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The Christie NHS Foundation Trust in Manchester has implemented visualisation software on statistical process control (SPC) charts to improve clinical outcomes.
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The Christie is Europe’s largest single-site cancer centre, treating more than 44,000 patients a year.
Working with IT services company Trustmarque, the hospital’s business intelligence team has developed a software tool called Scutari that can create SPC charts on “any data set within Tableau”, says Dan Tibble, head of business intelligence and software development at The Christie.
The hospital wanted to be able to create SPC charts in Tableau that would enable the trust’s staff to monitor change impact and iterative improvement projects daily.
Trustmarque’s software developers came up with an automated script in C# that interfaces with Tableau, performing the calculations required to produce the charts, which have long been used in manufacturing to improve processes.
Staff at The Christie say they can now generate colour-coded SPC charts in minutes, rather than the hours it took to create them manually.
SPC charts apply statistical methods to analyse data in order to study and monitor process capability and performance.
Tibble said the NHS is starting to use the charts to spot non-random variations which pinpoint processes that can be improved. One of the goals in a healthcare context is to maximise the efficiency of a patient’s stay, reducing the time he or she needs to occupy a hospital bed.
Without the use of SPC charts, there is a tendency to “hit the panic button” if a figure does not look quite right, says Tibble. The analysis made possible by the charts puts data into a clearer, more accurate context.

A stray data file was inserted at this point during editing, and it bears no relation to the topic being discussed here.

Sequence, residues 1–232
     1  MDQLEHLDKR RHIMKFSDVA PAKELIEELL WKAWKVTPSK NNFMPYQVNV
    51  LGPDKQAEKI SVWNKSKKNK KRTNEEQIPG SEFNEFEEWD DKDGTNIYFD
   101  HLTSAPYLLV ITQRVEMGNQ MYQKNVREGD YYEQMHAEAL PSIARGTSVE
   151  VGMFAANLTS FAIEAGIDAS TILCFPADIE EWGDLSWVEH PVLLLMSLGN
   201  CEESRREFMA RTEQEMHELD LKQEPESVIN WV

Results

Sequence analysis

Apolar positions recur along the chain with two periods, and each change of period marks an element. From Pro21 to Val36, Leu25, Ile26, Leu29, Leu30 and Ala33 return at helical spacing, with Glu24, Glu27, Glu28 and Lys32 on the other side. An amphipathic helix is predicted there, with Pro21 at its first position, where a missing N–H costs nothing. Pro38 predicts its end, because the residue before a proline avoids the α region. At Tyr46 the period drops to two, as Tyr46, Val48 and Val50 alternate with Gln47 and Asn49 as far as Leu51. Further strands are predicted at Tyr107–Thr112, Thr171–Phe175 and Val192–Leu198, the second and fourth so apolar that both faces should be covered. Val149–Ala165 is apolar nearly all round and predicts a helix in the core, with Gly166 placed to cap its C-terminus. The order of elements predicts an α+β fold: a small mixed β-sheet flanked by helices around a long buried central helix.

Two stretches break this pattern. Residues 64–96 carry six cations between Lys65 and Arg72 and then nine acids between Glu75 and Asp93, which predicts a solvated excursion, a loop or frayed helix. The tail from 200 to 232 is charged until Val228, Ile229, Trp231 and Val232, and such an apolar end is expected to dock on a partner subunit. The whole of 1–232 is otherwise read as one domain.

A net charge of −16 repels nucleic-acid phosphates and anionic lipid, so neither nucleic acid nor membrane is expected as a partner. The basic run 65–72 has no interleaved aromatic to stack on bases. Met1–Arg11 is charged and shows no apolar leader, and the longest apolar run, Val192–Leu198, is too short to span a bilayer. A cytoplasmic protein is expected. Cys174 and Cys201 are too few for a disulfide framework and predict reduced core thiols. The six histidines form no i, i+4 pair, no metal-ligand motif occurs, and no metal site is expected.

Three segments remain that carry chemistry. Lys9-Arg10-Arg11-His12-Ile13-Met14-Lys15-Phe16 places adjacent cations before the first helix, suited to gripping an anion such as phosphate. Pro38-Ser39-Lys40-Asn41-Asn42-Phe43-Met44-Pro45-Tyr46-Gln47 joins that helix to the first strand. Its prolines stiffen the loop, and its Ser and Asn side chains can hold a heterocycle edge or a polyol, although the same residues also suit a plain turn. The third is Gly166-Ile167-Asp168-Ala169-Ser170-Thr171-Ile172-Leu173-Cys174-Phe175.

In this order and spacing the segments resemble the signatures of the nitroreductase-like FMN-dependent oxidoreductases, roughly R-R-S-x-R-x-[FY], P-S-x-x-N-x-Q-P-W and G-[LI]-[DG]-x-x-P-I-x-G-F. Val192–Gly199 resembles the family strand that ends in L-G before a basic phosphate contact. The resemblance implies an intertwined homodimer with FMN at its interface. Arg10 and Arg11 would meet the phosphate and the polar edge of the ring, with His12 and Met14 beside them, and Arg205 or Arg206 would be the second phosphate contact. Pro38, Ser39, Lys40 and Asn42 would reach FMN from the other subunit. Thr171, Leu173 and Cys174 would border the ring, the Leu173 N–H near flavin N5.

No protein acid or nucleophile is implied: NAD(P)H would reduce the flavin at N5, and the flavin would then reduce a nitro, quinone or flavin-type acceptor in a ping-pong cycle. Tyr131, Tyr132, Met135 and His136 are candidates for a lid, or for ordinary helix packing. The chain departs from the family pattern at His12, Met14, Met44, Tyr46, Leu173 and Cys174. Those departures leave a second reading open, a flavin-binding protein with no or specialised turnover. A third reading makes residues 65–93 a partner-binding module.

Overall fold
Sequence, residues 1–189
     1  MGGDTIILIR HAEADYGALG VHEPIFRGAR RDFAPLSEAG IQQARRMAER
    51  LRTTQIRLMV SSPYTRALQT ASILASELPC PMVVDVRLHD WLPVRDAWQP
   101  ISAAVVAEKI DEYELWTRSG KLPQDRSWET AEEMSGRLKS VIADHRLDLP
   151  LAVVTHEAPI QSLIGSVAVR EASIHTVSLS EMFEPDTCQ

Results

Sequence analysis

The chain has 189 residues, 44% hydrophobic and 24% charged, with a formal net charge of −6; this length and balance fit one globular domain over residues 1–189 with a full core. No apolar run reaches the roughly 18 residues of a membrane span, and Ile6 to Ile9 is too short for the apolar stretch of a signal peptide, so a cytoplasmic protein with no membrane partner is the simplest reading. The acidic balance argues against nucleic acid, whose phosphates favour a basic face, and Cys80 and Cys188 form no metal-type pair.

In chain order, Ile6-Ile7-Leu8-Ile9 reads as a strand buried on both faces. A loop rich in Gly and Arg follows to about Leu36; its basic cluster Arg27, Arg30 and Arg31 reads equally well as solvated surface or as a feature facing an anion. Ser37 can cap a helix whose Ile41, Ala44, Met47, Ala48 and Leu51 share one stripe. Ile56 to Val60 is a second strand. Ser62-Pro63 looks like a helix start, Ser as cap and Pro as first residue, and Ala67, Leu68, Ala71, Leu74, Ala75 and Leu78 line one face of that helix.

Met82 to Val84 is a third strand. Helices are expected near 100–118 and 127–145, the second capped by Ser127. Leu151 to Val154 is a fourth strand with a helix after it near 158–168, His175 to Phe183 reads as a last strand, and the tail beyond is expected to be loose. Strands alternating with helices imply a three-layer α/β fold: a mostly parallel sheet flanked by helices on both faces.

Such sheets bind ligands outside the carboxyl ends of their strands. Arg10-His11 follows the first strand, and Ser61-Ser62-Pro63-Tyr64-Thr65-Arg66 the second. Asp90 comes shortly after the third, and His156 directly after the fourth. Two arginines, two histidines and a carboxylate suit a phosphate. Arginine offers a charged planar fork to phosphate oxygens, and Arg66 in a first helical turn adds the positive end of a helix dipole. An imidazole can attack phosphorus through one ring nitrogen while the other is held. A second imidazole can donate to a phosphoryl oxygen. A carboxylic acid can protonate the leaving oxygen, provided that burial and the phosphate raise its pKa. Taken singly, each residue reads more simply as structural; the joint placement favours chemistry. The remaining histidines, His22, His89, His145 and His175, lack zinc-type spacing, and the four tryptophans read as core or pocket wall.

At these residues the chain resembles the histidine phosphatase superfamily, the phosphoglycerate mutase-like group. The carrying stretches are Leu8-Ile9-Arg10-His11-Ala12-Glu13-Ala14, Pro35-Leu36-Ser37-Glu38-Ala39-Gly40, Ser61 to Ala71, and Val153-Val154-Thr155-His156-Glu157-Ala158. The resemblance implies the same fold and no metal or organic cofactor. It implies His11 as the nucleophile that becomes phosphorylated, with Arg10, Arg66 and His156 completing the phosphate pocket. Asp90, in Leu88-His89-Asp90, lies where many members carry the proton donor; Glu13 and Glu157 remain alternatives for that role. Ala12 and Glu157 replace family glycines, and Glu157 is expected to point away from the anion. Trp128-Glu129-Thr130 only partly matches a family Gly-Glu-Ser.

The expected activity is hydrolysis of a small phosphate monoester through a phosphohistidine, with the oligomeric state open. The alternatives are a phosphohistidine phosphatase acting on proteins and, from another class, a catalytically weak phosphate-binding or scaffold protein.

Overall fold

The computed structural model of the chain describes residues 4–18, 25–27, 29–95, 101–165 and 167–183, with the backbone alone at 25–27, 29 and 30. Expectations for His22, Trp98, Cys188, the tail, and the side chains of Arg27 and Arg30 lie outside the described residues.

The trust has been using Tableau since September 2014 after choosing it ahead of QlikView, Business Objects and “the other usual suspects”, says Tibble. “It won hands-down as our tool of choice,” he adds.
Tableau is popular partly because it can reduce the need to hire developers, unlike its rival Qlik, says Tibble.
Read more about SPC
- How the statistical process control tool can help prevent disruptions to business processes by providing better visibility into various factors that affect logistics and the supply chain.
- Information quality management, as with manufacturing quality management, focuses on statistical quality control to ensure information products produced and delivered to information consumers meet or exceed their expectations and knowledge requirements.
- Read this guide to the essentials of lean six sigma.
There are hundreds of active users of Tableau at The Christie, including Tibble’s team and the statisticians in the clinical outcomes team. They have been using the Scutari tool to generate SPC charts since December 2015.
Using Scutari, staff have been able to monitor the clinical and financial impact of processes across the trust. These include monitoring patients’ lengths of stay, bed availability and discharge times.
The Christie is also about to launch a new pharmacy system, and will use SPC charts to monitor the cost of pharmacy dispensing.
It is already using Scutari to support drug procurement – for chemotherapy, for example. This means it can predict more accurately when there is a change in process that could have financial implications.
“Scutari has been a fantastic companion to Tableau, providing our staff with easily accessible and immediate statistics so they can analyse specific trends against a baseline in as much detail as needed,” says Tibble.
“Healthcare involves more complex sets of data than you typically find in commercial environments. There is a greater need for sophisticated statistical analysis.”
Nathaniel Van Gulck, business intelligence solutions architect at Trustmarque, says: “SPC charts have been used for decades in the manufacturing industry to improve quality, reduce waste and costs. These same techniques are now entering the healthcare sector. However, adoption to date has been patchy and slow.
“Too often the tools used to create SPC charts are confined to an analyst’s desktop with no way to effectively share or refresh them with the hospital staff who need to know.”